step.gam: Stepwise model builder for GAM

step.GamR Documentation

Stepwise model builder for GAM


Builds a GAM model in a step-wise fashion. For each "term" there is an ordered list of alternatives, and the function traverses these in a greedy fashion. Note: this is NOT a method for step, which used to be a generic, so must be invoked with the full name.


  direction = c("both", "backward", "forward"),
  trace = TRUE,
  keep = NULL,
  steps = 1000,
  parallel = FALSE,



An object of class Gam or any of it's inheritants.


defines the range of models examined in the step-wise search. It is a list of formulas, with each formula corresponding to a term in the model. Each of these formulas specifies a "regimen" of candidate forms in which the particular term may enter the model. For example, a term formula might be ~1+ Income + log(Income) + s(Income). This means that Income could either appear not at all, linearly, linearly in its logarithm, or as a smooth function estimated nonparametrically. A 1 in the formula allows the additional option of leaving the term out of the model entirely. Every term in the model is described by such a term formula, and the final model is built up by selecting a component from each formula.

As an alternative more convenient for big models, each list can have instead of a formula a character vector corresponding to the candidates for that term. Thus we could have c("1","x","s(x,df=5") rather than ~1+x+s(x,df=5).

The supplied model object is used as the starting model, and hence there is the requirement that one term from each of the term formulas be present in formula(object). This also implies that any terms in formula(object) not contained in any of the term formulas will be forced to be present in every model considered. The function gam.scope is helpful for generating the scope argument for a large model.


an optional argument used in the definition of the AIC statistic used to evaluate models for selection. By default, the scaled Chi-squared statistic for the initial model is used, but if forward selection is to be performed, this is not necessarily a sound choice.


The mode of step-wise search, can be one of "both", "backward", or "forward", with a default of "both". If scope is missing, the default for direction is "both".


If TRUE (the default), information is printed during the running of step.Gam(). This is an encouraging choice in general, since step.Gam() can take some time to compute either for large models or when called with an an extensive scope= argument. A simple one line model summary is printed for each model selected. This argument can also be given as the binary 0 or 1. A value trace=2 gives a more verbose trace.


A filter function whose input is a fitted Gam object, and anything else passed via ..., and whose output is arbitrary. Typically keep() will select a subset of the components of the object and return them. The default is not to keep anything.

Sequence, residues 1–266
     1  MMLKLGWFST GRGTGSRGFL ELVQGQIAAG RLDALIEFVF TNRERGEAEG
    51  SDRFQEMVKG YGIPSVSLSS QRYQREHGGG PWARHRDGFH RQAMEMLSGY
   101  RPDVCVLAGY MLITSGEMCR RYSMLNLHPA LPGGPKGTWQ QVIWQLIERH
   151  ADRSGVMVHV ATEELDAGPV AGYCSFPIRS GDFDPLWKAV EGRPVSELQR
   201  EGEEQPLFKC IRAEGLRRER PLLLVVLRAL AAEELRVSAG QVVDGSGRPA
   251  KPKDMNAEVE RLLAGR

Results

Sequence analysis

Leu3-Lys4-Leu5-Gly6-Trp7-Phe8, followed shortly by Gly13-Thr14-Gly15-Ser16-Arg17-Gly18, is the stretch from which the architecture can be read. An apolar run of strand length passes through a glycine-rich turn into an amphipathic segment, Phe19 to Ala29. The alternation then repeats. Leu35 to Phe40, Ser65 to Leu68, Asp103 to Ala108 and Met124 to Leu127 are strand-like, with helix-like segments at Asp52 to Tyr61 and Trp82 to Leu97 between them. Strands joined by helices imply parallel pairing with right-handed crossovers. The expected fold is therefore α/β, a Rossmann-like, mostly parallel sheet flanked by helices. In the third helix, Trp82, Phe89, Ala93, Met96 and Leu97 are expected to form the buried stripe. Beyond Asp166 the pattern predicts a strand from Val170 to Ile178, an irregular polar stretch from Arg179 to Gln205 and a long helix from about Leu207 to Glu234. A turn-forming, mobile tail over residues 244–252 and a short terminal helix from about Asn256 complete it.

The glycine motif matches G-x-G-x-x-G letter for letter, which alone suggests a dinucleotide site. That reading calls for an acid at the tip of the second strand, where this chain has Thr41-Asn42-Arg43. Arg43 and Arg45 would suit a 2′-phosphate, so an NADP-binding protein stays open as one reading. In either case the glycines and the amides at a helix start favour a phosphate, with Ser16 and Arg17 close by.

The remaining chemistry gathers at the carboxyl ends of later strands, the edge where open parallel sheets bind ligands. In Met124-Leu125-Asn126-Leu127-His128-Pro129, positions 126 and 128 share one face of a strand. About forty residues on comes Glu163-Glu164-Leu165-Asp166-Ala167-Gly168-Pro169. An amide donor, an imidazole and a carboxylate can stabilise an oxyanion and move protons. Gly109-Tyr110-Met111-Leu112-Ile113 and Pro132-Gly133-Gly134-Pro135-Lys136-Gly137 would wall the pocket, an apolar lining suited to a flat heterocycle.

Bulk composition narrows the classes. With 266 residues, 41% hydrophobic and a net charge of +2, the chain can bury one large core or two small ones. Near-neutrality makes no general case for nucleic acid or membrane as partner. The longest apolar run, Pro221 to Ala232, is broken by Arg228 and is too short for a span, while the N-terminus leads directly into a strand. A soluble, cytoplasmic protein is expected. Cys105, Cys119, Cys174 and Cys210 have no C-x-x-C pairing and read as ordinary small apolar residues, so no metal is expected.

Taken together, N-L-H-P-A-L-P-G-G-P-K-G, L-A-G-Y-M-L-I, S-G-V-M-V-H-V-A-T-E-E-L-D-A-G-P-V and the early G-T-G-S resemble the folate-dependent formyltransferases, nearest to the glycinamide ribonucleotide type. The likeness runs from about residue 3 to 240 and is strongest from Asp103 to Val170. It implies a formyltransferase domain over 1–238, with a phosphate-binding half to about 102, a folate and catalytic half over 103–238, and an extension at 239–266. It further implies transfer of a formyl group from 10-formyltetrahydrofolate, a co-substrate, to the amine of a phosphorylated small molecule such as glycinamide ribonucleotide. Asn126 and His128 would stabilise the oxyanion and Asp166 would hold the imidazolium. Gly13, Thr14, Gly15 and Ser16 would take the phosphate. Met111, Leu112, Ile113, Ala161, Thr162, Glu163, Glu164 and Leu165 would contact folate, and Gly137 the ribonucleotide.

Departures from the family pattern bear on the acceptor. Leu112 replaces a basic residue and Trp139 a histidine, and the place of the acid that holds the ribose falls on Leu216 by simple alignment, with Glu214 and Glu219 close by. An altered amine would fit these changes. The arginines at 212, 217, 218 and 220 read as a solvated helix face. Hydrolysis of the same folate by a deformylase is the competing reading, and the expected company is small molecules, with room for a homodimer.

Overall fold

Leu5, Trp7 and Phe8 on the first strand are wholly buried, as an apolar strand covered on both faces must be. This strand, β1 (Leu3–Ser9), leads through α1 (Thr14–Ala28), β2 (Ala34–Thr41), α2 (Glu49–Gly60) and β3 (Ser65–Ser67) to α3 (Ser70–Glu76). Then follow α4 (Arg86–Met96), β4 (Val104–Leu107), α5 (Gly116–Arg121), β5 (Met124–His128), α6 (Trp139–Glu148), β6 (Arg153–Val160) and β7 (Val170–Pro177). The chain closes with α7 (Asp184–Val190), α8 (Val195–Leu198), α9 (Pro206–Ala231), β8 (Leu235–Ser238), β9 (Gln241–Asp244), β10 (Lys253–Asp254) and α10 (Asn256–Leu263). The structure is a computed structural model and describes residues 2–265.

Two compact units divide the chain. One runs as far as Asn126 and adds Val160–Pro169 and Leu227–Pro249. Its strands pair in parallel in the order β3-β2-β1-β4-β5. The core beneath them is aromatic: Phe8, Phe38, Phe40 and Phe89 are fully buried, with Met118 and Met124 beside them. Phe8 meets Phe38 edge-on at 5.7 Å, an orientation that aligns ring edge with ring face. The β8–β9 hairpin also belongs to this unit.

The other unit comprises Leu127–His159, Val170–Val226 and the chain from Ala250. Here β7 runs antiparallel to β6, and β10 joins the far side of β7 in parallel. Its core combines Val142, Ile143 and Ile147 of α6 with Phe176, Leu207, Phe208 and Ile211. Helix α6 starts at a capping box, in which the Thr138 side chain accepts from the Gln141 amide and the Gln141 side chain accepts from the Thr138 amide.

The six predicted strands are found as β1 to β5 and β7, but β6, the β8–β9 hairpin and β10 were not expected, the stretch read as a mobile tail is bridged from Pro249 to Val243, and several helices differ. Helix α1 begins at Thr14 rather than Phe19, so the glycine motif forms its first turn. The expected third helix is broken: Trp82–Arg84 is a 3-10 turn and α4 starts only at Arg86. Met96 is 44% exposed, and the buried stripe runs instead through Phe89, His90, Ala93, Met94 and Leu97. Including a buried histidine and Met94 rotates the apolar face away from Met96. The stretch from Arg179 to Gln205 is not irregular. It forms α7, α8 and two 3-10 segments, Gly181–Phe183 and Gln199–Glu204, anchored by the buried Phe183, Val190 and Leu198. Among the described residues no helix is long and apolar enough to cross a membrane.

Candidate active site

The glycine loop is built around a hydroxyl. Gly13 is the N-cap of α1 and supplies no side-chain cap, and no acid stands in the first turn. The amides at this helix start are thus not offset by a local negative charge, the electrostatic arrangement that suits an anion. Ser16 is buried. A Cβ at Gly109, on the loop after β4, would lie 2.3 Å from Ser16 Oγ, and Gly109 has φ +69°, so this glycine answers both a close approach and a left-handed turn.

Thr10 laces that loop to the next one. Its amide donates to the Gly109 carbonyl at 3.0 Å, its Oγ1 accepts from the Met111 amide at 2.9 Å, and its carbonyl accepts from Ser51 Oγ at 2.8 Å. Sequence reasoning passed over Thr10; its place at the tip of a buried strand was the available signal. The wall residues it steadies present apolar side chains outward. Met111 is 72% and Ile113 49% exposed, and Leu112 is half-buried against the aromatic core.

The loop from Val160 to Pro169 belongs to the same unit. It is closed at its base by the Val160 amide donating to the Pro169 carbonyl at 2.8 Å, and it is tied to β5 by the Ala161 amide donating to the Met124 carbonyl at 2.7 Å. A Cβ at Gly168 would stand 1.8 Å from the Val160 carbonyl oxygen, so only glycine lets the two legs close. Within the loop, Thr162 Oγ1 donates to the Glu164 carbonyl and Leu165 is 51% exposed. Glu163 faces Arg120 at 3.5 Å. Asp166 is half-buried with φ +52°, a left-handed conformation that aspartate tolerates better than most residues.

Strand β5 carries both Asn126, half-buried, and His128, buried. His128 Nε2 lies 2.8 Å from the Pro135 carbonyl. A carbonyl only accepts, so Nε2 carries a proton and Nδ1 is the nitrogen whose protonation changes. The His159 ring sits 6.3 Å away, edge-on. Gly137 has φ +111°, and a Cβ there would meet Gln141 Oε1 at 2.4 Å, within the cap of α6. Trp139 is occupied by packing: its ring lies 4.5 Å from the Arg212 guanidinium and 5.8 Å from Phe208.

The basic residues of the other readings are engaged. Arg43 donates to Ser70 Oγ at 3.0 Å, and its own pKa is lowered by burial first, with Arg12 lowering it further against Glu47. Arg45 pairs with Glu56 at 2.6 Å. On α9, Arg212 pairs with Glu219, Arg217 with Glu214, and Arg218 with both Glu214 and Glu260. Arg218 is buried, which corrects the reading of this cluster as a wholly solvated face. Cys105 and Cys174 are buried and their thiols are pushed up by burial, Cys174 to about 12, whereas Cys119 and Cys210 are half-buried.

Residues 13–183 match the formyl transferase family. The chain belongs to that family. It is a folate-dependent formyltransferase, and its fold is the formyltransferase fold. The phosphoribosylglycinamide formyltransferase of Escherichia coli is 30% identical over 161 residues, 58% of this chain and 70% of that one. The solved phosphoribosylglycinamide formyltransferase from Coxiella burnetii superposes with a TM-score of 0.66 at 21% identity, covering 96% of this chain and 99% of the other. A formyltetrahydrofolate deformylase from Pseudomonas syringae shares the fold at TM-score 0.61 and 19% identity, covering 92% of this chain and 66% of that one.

The maximum number of steps to be considered. The default is 1000 (essentially as many as required). It is typically used to stop the process early.


If TRUE, use parallel foreach to fit each trial run. Must register parallel before hand, such as doMC or others. See the example below.


Additional arguments to be passed on to keep


The step-wise-selected model is returned, with up to two additional components. There is an "anova" component corresponding to the steps taken in the search, as well as a "keep" component if the keep= argument was supplied in the call.

We describe the most general setup, when direction = "both". At any stage there is a current model comprising a single term from each of the term formulas supplied in the scope= argument. A series of models is fitted, each corrresponding to a formula obtained by moving each of the terms one step up or down in its regimen, relative to the formula of the current model. If the current value for any term is at either of the extreme ends of its regimen, only one rather than two steps can be considered. So if there are p term formulas, at most 2*p - 1 models are considered. A record is kept of all the models ever visited (hence the -1 above), to avoid repetition. Once each of these models has been fit, the "best" model in terms of the AIC statistic is selected and defines the step. The entire process is repeated until either the maximum number of steps has been used, or until the AIC criterion can not be decreased by any of the eligible steps.


Written by Trevor Hastie, following closely the design in the "Generalized Additive Models" chapter (Hastie, 1992) in Chambers and Hastie (1992).


Hastie, T. J. (1992) Generalized additive models. Chapter 7 of Statistical Models in S eds J. M. Chambers and T. J. Hastie, Wadsworth & Brooks/Cole.

Hastie, T. and Tibshirani, R. (1990) Generalized Additive Models. London: Chapman and Hall.

See Also

gam.scope,step,glm, gam, drop1, add1, anova.Gam


Gam.object <- gam(y~x+z,
step.object <-step.Gam(Gam.object, scope=list("x"=~1+x+s(x,4)+s(x,6)+s(x,12),"z"=~1+z+s(z,4)))
## Not run: 
# Parallel
step.Gam(Gam.object, scope=list("x"=~1+x+s(x,4)+s(x,6)+s(x,12),"z"=~1+z+s(z,4)),parallel=TRUE)

## End(Not run)

gam documentation built on March 31, 2023, 9:10 p.m.